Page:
New Cars Unaffordable in All But One Major Metro Area


money

CHICAGO--March 12, 2014: A median-income household can only afford the average-priced new car or light truck in one of the 25 largest U.S. metropolitan areas, according to research released today by Interest.com.

Washington, D.C. leads the list for a second straight year, followed by San Francisco and Boston. Two Florida cities (Tampa and Miami) bring up the rear and are the only two cities where car affordability declined over the past year. San Antonio experienced the biggest jump in affordability over the past year (seven percent), followed by Phoenix (six percent) and San Francisco and Atlanta (both five percent).

"Too many families are spending way too much on new cars and trucks," said Mike Sante, managing editor of Interest.com. "Just because you can manage the monthly payment doesn't mean you should let a $30,000 or $40,000 ride gobble up such a huge share of your paycheck. You can get a great car for much less and use the savings to invest in yourself. Here's where the money for your retirement or kids' college can come from."

Interest.com recommends that median-income households spend no more than the following amounts on vehicle payments (principal and interest). For comparative purposes, the average price of a new car or light truck in 2013 was $32,086, according to Kelley Blue Book. That equates to a monthly payment of approximately $633.

Metro  Area         

Affordable Purchase Price

Maximum Monthly Payment

1.   Washington, D.C.          

$32,531

$641

2.   San Francisco                  

$28,009

$563

3.   Boston                             

$26,669

$520

4.   Minneapolis                      

$24,846

$494

5.   Baltimore                         

$24,591

$479

6.   Seattle                              

$23,600

$480

7.   Portland, Ore.                     

$22,905

$415

8.   Denver                               

$22,775

$452

9.   San Diego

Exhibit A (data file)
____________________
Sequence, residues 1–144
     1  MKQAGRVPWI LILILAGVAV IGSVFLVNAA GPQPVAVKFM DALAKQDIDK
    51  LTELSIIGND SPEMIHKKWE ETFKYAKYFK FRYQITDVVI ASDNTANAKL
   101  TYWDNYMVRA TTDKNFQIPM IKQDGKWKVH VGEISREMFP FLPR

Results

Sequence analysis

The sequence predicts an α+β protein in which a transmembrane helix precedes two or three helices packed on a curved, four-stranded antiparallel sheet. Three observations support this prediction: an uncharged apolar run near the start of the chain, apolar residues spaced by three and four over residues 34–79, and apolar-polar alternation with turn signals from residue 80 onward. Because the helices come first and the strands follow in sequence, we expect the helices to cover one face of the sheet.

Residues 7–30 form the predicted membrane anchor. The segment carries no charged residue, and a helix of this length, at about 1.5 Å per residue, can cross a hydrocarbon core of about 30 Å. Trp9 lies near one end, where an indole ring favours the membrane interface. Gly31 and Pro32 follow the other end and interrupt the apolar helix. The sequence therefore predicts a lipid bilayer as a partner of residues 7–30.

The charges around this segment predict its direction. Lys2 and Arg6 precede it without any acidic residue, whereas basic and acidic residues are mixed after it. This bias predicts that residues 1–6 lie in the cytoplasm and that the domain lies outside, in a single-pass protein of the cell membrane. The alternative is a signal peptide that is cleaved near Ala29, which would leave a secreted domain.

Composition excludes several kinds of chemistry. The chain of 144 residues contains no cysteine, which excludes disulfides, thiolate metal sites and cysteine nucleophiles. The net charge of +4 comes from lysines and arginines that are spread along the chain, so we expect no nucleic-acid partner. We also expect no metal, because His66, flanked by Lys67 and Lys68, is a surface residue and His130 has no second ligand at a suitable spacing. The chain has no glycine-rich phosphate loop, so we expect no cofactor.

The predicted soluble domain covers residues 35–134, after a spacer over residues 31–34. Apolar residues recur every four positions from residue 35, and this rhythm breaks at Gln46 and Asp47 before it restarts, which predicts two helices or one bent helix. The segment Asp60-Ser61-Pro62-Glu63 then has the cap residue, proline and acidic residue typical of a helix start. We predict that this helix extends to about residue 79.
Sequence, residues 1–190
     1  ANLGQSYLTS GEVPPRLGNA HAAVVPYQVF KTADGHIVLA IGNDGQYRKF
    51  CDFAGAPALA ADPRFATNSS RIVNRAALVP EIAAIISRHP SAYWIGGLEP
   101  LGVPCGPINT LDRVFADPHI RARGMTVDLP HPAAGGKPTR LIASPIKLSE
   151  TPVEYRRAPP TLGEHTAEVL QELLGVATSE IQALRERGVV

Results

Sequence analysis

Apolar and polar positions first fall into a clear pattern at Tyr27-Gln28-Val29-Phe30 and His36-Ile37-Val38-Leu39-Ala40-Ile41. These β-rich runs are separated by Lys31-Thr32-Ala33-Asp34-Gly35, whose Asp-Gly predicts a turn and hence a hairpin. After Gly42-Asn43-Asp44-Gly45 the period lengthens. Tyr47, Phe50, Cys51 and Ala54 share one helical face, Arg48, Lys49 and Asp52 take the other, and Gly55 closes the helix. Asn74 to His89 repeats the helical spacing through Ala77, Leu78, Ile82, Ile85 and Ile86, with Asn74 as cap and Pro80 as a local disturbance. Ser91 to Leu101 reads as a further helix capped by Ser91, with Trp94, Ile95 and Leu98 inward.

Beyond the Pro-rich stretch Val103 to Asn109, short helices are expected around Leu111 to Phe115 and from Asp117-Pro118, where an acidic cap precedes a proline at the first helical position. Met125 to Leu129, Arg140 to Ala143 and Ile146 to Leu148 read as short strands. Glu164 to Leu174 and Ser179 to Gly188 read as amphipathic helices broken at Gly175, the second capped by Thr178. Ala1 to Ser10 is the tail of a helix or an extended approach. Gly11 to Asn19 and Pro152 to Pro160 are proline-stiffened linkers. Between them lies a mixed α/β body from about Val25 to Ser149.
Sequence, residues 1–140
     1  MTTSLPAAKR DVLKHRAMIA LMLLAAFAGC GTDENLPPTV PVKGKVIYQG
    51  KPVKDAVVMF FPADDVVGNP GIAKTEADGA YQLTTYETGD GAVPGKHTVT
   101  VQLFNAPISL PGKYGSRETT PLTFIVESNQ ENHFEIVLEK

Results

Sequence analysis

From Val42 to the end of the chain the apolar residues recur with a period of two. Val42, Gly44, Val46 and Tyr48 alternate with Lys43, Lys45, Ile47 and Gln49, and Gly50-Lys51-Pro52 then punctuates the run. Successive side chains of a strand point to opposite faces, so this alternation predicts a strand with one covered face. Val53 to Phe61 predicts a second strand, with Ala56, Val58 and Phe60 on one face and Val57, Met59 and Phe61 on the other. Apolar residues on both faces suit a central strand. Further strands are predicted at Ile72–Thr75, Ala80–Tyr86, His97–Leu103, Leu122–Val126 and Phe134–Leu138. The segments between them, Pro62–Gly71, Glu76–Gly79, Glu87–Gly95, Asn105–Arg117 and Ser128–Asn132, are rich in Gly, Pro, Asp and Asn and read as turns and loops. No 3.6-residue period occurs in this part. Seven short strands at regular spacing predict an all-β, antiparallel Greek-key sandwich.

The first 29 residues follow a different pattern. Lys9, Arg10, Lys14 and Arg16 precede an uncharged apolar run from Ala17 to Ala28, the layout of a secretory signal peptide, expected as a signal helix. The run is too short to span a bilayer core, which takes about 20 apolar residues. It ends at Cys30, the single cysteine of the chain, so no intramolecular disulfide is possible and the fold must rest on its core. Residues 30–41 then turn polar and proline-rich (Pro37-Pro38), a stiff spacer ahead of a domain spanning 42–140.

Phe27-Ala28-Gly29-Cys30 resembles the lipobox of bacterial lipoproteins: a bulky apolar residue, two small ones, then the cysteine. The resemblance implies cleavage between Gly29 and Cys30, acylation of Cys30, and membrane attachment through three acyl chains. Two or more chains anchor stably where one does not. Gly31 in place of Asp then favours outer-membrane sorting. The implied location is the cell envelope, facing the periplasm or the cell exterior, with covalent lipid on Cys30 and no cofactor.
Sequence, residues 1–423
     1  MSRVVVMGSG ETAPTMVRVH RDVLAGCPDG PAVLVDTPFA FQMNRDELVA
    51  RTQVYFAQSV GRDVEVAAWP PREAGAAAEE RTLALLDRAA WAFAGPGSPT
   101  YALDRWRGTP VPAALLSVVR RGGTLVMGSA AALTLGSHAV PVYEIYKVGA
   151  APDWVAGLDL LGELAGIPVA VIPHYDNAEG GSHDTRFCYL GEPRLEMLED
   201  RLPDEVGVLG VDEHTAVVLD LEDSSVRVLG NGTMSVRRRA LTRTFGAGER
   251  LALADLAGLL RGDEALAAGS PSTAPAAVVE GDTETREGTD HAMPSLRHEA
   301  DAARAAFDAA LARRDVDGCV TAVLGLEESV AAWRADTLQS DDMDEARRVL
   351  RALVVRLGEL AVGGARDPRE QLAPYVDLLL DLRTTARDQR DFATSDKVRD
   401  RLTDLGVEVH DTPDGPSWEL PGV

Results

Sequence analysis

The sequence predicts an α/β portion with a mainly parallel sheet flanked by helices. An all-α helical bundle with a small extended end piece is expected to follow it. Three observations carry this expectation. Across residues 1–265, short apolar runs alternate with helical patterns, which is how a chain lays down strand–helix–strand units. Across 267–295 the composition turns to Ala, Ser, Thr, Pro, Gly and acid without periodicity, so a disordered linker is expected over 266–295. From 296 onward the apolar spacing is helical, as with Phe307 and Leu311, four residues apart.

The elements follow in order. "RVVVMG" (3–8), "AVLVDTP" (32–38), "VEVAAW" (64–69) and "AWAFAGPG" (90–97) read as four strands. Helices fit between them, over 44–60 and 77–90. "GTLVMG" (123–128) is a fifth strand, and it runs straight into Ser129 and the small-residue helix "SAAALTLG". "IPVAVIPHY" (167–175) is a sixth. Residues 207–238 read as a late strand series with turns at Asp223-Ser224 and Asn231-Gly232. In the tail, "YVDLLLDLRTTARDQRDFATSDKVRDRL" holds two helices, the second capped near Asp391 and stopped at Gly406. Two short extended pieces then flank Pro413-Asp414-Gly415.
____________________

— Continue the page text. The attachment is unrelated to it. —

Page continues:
$22,175

$442

10. New York City                   

$21,907

$441

11. Philadelphia          

$21,775

$434

12. Chicago                 

$21,409

$434

13. Dallas                     

$20,731

$405

14. Los Angeles             

$20,637

$416

15. Sacramento              

$20,554

$412

16. Houston                    

$20,271

$396

17. Milwaukee                  

$20,013

$388

18. Atlanta                        

$20,000

$393

19. St. Louis                      

$19,016

$379

20. San Antonio                  

$18,376

$359

21. Phoenix                         

$18,199

$364

22. Pittsburgh                       

$17,965

$354

23. Detroit                    

$17,352

$338

24. Miami                      

$15,174

$299

25. Tampa                      

$14,209

$280

When calculating how much a household can afford to spend on a car or light truck, Interest.com considered three key factors that are commonly referred to as the "20/4/10" rule: a down payment of at least 20%; financing lasting no longer than four years; and principal, interest and insurance not exceeding 10% of a household's gross income.

More information is available at:

Interest--Affordable Cars and Trucks

Methodology:

For each metro area, Interest.com calculated 10% of the monthly median gross household income in that area and subtracted the average monthly insurance premium in that area to determine the maximum amount that the median-income household should spend on monthly car payments (principal and interest).

Interest.com used its Auto Loan Calculator to calculate how much the median-income household can afford to borrow. Assumptions: 20% down payment, 48-month loan, national average interest rate, roll the sales tax into the amount being financed. The calculator is available at:

Auto Loan Calculator

Sources: Median incomes for each metro area came from the U.S. Census Bureau's 2012 "American Community Survey" (the latest year for which data is available).

Insurance costs are 2011 statewide averages from the National Association of Insurance Commissioners (the latest year for which data is available).

Kelley Blue Book provided the average cost for new cars/light trucks in 2013.

Average 48-month new car loan rates are according to Bankrate.com (January 29, 2014).

Sales tax rates were obtained from local governments and car dealers.

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